For Madison native Landon DeVon, his music career is all about connections. Aside from being a rapper, singer, published songwriter and spoken word artist, DeVon is a networker and so far his latter title has greatly informed the formers.
His networking skills lead to his first single, “Hands Down” with DJ Pain 1, being featured on 93.1 Jamz and him being a verified artist on Spotify. His music can also be found on Apple Music or purchased on iTunes.
DeVon has had shows throughout the Midwest and for the past year he has been an artist under Intellectual Ratchet. That connection the got him a slot in the upcoming 808s in the 608 Hip Hop festival at Union Terrace on August 12. Madison365 is the media partner on the festival, which will celebrate local hip-hop artists.
“It pays to get to know people and not be afraid to talk to people,” he said. “It’s always good to know who you’re talking to and always have a card or contact information you could give someone on the ready.”
DeVon also emphasizes social networks like Snapchat, which he credits for helping him gain a national fanbase despite primarily performing in the Midwest.
For him a strong network will also strengthen the local Hip Hop scene.
“I feel like once our city can learn to network, major things can happen,” DeVon said. “I think sometimes artists in Madison are too busy trying to one-up each other or trying to be able to say ‘I put Madison on’, but when we all together we do great things.”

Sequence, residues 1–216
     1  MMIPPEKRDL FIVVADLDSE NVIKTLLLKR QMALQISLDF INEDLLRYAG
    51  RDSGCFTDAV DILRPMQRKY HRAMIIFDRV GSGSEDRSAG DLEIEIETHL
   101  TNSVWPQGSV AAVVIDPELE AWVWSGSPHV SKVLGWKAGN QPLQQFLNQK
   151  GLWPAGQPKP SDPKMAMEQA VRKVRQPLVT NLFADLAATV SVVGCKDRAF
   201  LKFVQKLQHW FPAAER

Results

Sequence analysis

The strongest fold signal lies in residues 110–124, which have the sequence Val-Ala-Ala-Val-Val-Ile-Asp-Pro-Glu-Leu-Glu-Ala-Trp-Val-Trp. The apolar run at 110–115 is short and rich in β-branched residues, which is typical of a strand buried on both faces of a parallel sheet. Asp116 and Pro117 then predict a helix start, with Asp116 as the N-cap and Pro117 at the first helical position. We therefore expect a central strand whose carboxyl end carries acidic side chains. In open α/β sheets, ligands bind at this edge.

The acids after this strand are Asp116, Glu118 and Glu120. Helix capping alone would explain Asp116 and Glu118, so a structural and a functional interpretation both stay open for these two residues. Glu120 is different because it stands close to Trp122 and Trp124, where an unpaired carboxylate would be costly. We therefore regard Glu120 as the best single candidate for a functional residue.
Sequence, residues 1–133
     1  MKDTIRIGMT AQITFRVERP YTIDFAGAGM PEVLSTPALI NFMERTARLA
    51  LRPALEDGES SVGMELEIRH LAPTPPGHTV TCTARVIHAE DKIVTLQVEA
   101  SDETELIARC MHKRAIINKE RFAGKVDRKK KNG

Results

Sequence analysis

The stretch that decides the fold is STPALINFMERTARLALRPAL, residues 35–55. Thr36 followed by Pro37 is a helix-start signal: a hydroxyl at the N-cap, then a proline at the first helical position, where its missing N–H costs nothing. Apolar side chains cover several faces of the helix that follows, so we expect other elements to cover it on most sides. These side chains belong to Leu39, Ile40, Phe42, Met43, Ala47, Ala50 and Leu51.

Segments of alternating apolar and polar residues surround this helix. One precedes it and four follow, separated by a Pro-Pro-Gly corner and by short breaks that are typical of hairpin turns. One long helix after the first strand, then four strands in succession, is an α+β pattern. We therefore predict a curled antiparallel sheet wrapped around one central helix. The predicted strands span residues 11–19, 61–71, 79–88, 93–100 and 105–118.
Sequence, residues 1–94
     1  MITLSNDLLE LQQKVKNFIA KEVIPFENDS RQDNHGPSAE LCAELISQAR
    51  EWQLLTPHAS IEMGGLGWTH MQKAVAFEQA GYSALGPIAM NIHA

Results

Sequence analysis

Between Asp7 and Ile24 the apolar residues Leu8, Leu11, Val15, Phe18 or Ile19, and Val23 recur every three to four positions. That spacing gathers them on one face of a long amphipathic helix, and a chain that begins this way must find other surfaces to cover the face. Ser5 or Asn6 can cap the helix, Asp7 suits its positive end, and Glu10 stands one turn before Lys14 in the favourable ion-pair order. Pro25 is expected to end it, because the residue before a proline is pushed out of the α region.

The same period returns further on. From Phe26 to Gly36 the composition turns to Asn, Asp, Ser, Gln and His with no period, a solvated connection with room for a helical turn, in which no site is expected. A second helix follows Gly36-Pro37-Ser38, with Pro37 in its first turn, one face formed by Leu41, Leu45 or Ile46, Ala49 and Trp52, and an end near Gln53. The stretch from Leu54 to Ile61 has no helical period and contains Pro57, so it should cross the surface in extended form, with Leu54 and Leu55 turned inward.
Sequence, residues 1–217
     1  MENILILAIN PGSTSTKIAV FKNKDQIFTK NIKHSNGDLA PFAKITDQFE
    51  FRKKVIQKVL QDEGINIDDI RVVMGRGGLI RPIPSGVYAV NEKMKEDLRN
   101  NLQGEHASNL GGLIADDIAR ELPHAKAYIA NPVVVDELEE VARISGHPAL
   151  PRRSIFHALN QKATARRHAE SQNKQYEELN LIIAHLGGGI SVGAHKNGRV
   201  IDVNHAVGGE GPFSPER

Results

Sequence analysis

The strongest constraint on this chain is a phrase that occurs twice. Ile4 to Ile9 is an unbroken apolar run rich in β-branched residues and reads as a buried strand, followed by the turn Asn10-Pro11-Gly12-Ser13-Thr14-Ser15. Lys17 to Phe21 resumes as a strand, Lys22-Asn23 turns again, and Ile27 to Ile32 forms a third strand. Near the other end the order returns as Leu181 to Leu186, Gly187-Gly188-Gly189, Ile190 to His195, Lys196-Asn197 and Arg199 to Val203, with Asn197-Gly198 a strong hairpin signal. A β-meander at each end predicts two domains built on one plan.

Participating in the upcoming Hip Hop festival only adds to collaborative efforts which include performing with many local artist like Skylar Nahn and 3rd Dimension as well as university based artists like CrashPrez and Broadway Muse and he is also no stranger to the terrace stage.
“There is great music here and people should support good, local music,” DeVon said. “There’s many local artist who have big things coming up and some of us are just waiting to drop these bombs and I want my city to back me when I do. I feel like this festival says that we’re here.”
As a personal goal DeVon hopes to use his performance, which will include songs from his album Opaque as another networking opportunity to amass more fans.
“I just want people to hear the music and I want people to see the hard work I put into the music,” he said.
DeVon also hopes shows and exposure like 808s in the 608 will mend bridges between Hip Hop artists and the greater Madison community.
“I think it would be better if the city itself was willing to allow us to have a space that can be an outlet for Hip Hop to rise,” he said, noting the recent bans on Hip Hop concerts and music by local bars and music venues.
“No one wants to say that it’s racial, but Hip Hop is really universal and when you take it away you hurt everyone not just one group,” Devon said. “It blocks our city and the artist in the city who could put the city on and why would you do that. Why would you stop your city from shining?”
For artist looking to break into the sometimes rigorous and divided local Hip Hop scene DeVon suggests they tap into multiple networks and start by going to local shows.
“Don’t be afraid to show your face and you can meet a lot of producers and artist,” he said. “People like authenticity and when you come real, it’ll be hard for people to miss you.”
In the end he believes it is all worth it for the love of the craft.
“Music is really changing my life,” he said, “and showing me a lot of stuff I didn’t think was possible is actually possible.”